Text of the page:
In 1965 the Fathers of Second Vatican Council complained about Catholics, “who imagine they can plunge themselves into earthly affairs in such a way as to imply that these are altogether divorced from the religious life.” They remarked that “this split between the faith which many profess and their daily lives deserves to be counted among the more serious errors of our age.” (Gaudium e Spes 43). Clearly these words are still very true today.
The Council Fathers produced two Constitutions on the Church. They followed a distinction borrowed from Trinitarian theology. The actions of the Church were described in terms of the interior works or the nature of the Church versus the Church’s exterior works or mission in the world.
The Dogmatic Constitution on the Church (Lumen Gentium) was intended to describe the nature of the Church itself, while a new schema was drafted to describe the Church in relation to the world. This new schema was eventually named Gaudium et Spes (The Pastoral Constitution on the Church in the Modern World).
In order to understand this outward directed mission, the Fathers highlighted the deepest understanding of what it means to be human. Each of us desires true and eternal happiness, or the integral fulfillment of the human condition. While the human condition offers many false substitutes, Christ is the ultimate foundation of our happiness (GS 10). The Council sought to solve fundamental human questions in the light of Christ “in order to shed light on the mystery of man and to cooperate in finding the solution to the outstanding problems of our time” (GS 10).
The fundamental truth is that “only in the mystery of the incarnate Word does the mystery of man take on light” (GS 22). The Fathers note that, “the root reason for human dignity lies in man’s call to communion with God” and that “…many of our contemporaries have never recognized this intimate and vital link with God, or have explicitly rejected it. Thus atheism must be accounted among the most serious problems of this age, and is deserving of closer examination.” The problem of systematic unbelief has not lessened in our time.
One highly significant facet of the mission of the Church in the world is the role of the lay faithful who are called to carry out “all their earthly activities . . . humane, domestic, professional, social and technical enterprises by gathering them into one vital synthesis with religious values” (GS 43). The lay faithful are called to be Christ in the midst of the world, in their daily life and professions. The General Directory of Catechesis notes;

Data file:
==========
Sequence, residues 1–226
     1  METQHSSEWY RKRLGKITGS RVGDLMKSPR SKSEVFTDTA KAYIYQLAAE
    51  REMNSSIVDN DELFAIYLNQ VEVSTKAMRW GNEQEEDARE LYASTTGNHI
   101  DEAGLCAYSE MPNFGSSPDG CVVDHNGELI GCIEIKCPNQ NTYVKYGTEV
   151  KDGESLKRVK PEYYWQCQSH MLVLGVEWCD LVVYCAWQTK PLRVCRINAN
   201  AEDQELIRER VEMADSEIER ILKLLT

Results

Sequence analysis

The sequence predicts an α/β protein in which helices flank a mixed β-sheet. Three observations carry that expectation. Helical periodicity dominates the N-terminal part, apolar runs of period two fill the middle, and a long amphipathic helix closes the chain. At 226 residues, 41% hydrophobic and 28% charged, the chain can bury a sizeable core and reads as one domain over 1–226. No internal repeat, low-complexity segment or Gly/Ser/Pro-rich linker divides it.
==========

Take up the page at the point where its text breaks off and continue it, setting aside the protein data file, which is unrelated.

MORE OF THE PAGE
The formation of lay catechists cannot ignore the specific character of the laity in the Church, and cannot be regarded as merely a synthesis of the mission received by priests and religious. Rather, “their apostolic training acquires a special character precisely from the secular nature of the lay state and from its particular type of spirituality” (GDC 237).
The relationship between Christ and culture has generally followed three patterns. One pattern is to attempt to remove oneself from the world, to live in a kind of a monastery in the desert or on a mountain. While such a calling has definite merit, especially for prayer, it is not the vision of the council for the lay person. A second model involves an uncritical assimilation to culture either by abandoning faith or by compartmentalizing or privatizing it so that it has no relevance to daily life. This view was condemned as serious error by the Council Fathers (GS 43). The final proposal is to allow Christ to transform culture through the daily lives of the faithful. This view requires us to be “in the midst of the world” but to fuse our life to our faith in a vital synthesis which transforms culture and bears witness to Christ.
I am reminded of a story told to me by a priest who had lived for a number of years in Europe. He knew a Catholic woman of deep faith in the city of Milan, Italy who had spent her life working as a designer in the fashion industry. One day while she was visiting a fellow fashion designer she noticed that his newest line of apparel was created out of nearly transparent fabric with no attempt in the design at layering or some other method of making the outfit be less revealing. This concerned her deeply because this had potential to influence the whole fashion industry and thus impact the culture of Europe. I was told she looked at him and placed her hand under the fabric and holding it up asked him, “Would you dress your wife in this?” He thought for second and then replied, “No, I wouldn’t.” After she left his studio he apparently got on the phone and reordered his fabric in light of her comments. The presence of this Catholic fashion designer in the midst of a highly secular profession allowed Christ to be present and to transform this small part of culture. The council envisioned the transformation of all human culture as the lay faithful bear witness in every honest and upright vocation.
Holy Mary, Star of the New Evangelization, Pray for us!
Scott McKellar is Director of the Bishop Helmsing Institute.